THE HALF DECENT FOOTBALL MAGAZINE

Jogi Löw’s team have never beaten Italy in a major international tournament

2 July ~ As Germany face Italy tonight, coach Jogi Löw is refusing to entertain the notion that there is anything like an “Italian curse” hanging over his team. That has been a common refrain over the last decade, and while it is true that Germany have yet to beat Italy at the finals of a major tournament, it is the events of 2006 that really anchored the idea in Germany’s collective psyche.

Losing in extra time in the semi-final of the World Cup marked an abrupt end to Germany’s fairytale football summer and deflated the hopes of those who thought the young team was destined to lift the trophy. The feeling that Germany cannot beat Italy was cemented by another semi-final defeat at Euro 2012, while Italy’s early exit from the World Cup two years robbed Germany of the chance to lay the hoodoo to rest.

Germany’s 4-1 demolition of Italy in a March 2016 friendly was a step in the right direction, but Löw and his players are constantly having to fend off questions about the curse nonetheless. Clearly pleased with the easy 3-0 win over Slovakia, Löw has been careful not to sound overconfident, emphasising how well Italy have played thus far and how tactically astute Antonio Conte has proved to be in his team selections.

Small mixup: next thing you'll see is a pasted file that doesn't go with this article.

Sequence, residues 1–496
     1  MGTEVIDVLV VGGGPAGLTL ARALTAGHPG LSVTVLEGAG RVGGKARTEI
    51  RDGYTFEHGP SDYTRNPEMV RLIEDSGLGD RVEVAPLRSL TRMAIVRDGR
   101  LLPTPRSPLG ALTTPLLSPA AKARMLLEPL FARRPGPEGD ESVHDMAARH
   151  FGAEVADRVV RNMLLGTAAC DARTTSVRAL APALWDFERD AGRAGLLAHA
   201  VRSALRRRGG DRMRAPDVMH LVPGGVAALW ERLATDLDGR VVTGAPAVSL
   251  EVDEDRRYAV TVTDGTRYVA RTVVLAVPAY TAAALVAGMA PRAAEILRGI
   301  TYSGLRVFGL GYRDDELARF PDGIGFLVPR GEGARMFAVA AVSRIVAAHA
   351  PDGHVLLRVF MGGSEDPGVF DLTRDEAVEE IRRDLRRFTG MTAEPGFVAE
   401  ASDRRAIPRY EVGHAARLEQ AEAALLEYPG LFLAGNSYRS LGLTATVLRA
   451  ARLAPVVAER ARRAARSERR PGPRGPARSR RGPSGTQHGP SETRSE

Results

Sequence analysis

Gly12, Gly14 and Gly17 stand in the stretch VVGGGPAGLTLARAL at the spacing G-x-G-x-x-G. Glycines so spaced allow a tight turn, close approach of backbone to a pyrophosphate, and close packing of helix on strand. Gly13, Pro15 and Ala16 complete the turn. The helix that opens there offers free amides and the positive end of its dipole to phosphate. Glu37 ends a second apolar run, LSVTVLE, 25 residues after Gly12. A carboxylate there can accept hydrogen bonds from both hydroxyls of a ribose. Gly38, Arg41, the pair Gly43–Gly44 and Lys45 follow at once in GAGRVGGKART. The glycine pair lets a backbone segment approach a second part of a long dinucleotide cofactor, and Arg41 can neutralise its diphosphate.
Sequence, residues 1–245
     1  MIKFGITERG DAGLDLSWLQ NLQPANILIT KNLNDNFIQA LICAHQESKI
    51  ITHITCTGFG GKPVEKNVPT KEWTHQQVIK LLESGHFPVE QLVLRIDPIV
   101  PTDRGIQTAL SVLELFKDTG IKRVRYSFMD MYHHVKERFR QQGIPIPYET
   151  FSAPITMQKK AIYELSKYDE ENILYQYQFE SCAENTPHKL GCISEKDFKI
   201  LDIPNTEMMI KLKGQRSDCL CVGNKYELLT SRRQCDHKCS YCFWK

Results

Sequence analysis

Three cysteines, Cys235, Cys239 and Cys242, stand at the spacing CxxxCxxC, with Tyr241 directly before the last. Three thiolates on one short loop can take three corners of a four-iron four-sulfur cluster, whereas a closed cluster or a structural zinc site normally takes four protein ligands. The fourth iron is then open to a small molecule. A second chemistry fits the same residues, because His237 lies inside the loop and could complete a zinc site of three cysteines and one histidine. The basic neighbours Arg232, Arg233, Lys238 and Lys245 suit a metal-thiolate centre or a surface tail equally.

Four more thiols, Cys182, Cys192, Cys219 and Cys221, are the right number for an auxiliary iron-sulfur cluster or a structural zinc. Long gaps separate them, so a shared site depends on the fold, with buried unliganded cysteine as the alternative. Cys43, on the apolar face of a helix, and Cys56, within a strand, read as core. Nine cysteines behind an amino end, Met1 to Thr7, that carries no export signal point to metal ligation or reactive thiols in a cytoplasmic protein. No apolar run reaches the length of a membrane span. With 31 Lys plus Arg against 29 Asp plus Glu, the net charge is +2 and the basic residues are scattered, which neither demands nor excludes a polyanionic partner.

Meanwhile, popular opinion is yet to galvanise entirely behind this Germany team. The World Cup win has led to increased expectations and although the team never looked in danger of missing out on the knockout stages, the performances have yet to convince.

The fast-flowing play that characterised the World Cup win has been in shorter supply this time around and the inability to break down a resolute Polish defence gave cause for concern. While Mario Gómez has proved effective since his recall to the starting line-up, some view the reliance on an old-fashioned striker as a retrograde step but none of the other attacking options has proved effective.

Jérôme Boateng has risen above the controversy surrounding right-wing politicians’ comments about his suitability to represent Germany and has been the most consistent performer so far. Thomas Müller has not yet hit the heights of previous tournaments, but always has the potential for the unpredictable that could make the difference against such disciplined opponents.

However, the biggest question mark concerns the selection of Mesut Özil. The playmaker’s ability is not in question, but his contribution to the tournament so far has left quite a bit to be desired – as epitomised by his soft penalty miss against Slovakia.

This game is the opportunity for Löw to finally prove to his remaining doubters that he has the tactical nous to defeat an Italian team that, had Iceland not stolen their thunder, may well have been heralded as the surprise of the tournament. In so doing, he can not only gain revenge for the pain of 2006 and 2012, but finally banish all talk of an “Italian curse”. John van Laer

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